In the early 90s, the singer Gunadasa Kapuge staged a concert titled Kampana (Vibration), an emotional evocation of the sorrows of the North-South war. He sang of the things that all Sri Lankans have in common; protested against ethnic, class, gender and caste discrimination; and mourned the thousands of people we have lost in the killings and disappearances, North, East and South. The encouragement these songs offered made them popular with all sectors of society and thousands attended his concerts, which were staged throughout the Southern part of the country. There was no chance of going to the North or East.

Jayathilake Bandara and many other performers contributed — as did Kemadasa’s fantastic song Killer — to the vision and the soundtrack of people’s hopes for a saner more peaceful future. The Gypsies’s peace songs of the early 90s were followed by the tremendously popular I Don’t Know Why in 2000, whose sarcastic lyrics observed the failures of management and the corruption which have condemned the nation to endless political crises and war.

Back to the Barbican — on the way home I am considering the failure of the many Sri Lankan peace initiatives: why is there no social language which allows those seeking a motherland and those defending a motherland to connect in a positive way? The theories and behaviour of the elites — national and international — bring nothing to the population as a whole. Despite the endless workshops, projects and reports, the peace industry in Sri Lanka has made no real progress. It has failed to connect to the realities on the ground and developed no link to the human resources or languages of popular society, struggle and creativity. The expensive projects and the overall impotence have only further revealed the underlying weaknesses of a society whose problems cannot be solved by bringing in outsiders; they cannot rescue us from this deadly paralysis which neither brings us together nor moves us on.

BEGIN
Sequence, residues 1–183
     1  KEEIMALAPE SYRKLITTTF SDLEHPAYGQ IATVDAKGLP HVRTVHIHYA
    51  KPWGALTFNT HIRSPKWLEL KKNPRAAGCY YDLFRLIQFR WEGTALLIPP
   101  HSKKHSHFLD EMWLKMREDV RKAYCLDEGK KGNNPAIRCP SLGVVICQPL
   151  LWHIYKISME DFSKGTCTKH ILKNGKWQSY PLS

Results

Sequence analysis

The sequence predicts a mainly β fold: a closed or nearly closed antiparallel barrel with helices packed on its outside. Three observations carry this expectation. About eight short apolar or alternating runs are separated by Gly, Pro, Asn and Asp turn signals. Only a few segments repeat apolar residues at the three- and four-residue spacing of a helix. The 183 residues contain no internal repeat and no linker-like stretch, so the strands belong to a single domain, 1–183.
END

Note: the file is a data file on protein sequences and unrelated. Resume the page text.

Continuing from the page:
Why have our inspiring concerts, our protest songs and our activist musicians had so little lasting impact? Why have Sri Lanka’s decades of suffering failed to produce internationally recognised performers like Hugh Masekela and Afroreggae? Why is there no Sri Lankan equivalent to the venerable protester Thomas Mapfumo of Zimbabwe, or the young campaigners like Emmanuel Jal, rap emissary of Southern Sudan, or K’Naan from Somalia?

Many look to Nelson Mandela’s success in leading South Africa’s peaceful transition from Apartheid to freedom as a model to follow in their own circumstances. What the Sri Lankan peace industry fails to see is that Mandela did not rely on ethnic loyalties or tribal ties. His appeal and his wisdom recognised that the South African struggle was a political struggle; that all sectors of the population needed to work together to resist their oppression. This inclusiveness opened the space for artists, musicians, dramatists and other activists to contribute their skills and their passion for change — however dangerous it was to do so. Their efforts led eventually to international outrage, which in turn contributed to the end of the Apartheid regime.

Malcolm X once said that the social movement needs to be strong like the brain and gentle like the heart; the one for strategy, the second to mobilise and build the capacity and the spirit of resistance. The work of the Black struggle must be like electricity: moving everywhere, invisible but powering the light.


Leave A Comment
Share Your Insights

Comment Policy

Digg it! And spread the word!

Here is a unique chance to help this article to be read by thousands of people more. You just Digg it, and it will appear in the home page of and thousands more will read it. Digg is nothing but an vote, the article with most votes will go to the top of the page. So, as you read just give a digg and help thousands more to read this article.


Get CC HeadlinesOn your Desk Top

Subscribe To
Sustain Us


Search Our Archive

Our Site


Online Users